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Why 5G Pushiness? As a result of $$$.

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I find it helpful to look for the profit motives behind what happens in our shopping life.

Why does it feel like every other commercial you see on TV or online is a phone company that says “5G! 5G! 5G! "In your ears? Because for companies like Verizon, AT&T, and T-Mobile, every wireless technology transition in a decade is an opportunity to top up our cell phone bills without us going crazy and stealing customers from each other."

This isn't necessarily bad for us, but it does mean that the next time you buy a new phone or stare at a marketing message from a phone company, you should be careful of your wallet. You want to make sure that you are making a purchase that is good for you and not just for the bottom line of the phone company.

I wrote last week that America’s phone companies are beating the current capabilities of 5G, the next generation of wireless technology. My colleague Brian X. Chen has elaborated on how the reality of 5G coverage differs from the hype: Most of what exists now is not a huge step up.

Yes, 5G will eventually make our phones faster and usher in new technologies that we couldn't have imagined. Just not now. This means you don't necessarily need it right now.

(Non-US readers: This advice may not apply to you. Some other countries' 5G networks are farther away or less cluttered. I'll be discussing places where 5G works well in an upcoming newsletter.)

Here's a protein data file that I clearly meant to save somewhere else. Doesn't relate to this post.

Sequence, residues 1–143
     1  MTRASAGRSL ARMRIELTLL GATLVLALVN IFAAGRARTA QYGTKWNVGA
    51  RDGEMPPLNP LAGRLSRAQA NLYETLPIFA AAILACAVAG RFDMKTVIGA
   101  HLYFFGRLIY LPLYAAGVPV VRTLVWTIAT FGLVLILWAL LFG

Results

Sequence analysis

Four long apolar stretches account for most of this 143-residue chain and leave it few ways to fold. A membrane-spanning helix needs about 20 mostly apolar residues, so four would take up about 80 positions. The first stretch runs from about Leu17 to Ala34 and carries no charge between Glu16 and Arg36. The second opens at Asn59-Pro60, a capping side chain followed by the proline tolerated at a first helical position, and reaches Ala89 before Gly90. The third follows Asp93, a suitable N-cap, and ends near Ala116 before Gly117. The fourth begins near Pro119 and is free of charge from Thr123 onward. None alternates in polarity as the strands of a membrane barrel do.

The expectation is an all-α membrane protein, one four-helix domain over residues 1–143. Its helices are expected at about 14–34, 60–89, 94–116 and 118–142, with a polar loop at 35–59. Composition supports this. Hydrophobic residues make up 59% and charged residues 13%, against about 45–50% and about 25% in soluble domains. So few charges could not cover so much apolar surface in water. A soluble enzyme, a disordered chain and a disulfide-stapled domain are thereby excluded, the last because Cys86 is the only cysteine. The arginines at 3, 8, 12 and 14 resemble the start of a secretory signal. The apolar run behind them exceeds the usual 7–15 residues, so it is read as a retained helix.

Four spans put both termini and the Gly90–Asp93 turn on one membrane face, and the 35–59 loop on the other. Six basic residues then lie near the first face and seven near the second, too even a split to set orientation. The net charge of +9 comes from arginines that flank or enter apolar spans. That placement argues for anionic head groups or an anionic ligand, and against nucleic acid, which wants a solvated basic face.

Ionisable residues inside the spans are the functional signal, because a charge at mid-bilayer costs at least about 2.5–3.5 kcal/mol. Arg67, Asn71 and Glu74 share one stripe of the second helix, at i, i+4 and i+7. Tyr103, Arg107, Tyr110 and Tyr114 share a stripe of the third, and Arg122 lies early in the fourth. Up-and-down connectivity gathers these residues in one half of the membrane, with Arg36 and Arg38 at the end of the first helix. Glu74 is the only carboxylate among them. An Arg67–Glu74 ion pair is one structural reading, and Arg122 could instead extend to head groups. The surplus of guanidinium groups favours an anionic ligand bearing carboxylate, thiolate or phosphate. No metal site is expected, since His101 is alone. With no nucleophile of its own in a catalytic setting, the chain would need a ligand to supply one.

But right now is a very real opportunity for phone companies. Americans buying new, 5G-enabled smartphones – like the latest iPhone models – are often referred to the phone companies' more expensive service plans.

These plans – including those with "unlimited" Internet data usage – are great for many households, but expensive and inflexible for others. (It is more accurate to refer to them as "unlimited" with the air offers as they do not exactly allow unlimited use of phone data.)

To be fair, the phone companies are spending a fortune upgrading the country's wireless networks to 5G. And it's understandable that they're trying to recoup their costs.

But that's not the only thing that's happening here. What Americans are paying for their smartphone service plans hasn't changed in a while, and the phone companies are trying to reverse that by giving us a reason to pay more.

The most important factors in a phone company that makes money from smartphone service are that customers stay with the company for a long time and pay more every month. The move to 5G is an attempt to do both.

The telephone companies' profit motives can help us get good business. But I find it helpful to repeat a line from Brian in a column last year. "Telecommunications is one of the most lucrative industries in the world and wireless operators are sure to make a profit," he wrote. "You can't beat the house."

Your head start

In last week's newsletter on why 5G is still the box in the US, some readers asked: If they are definitely buying a new smartphone, should they go for one that can run on 5G cellular networks? (Phones must have special parts in order to connect to 5G phone networks, so older phones cannot receive a 5G phone.)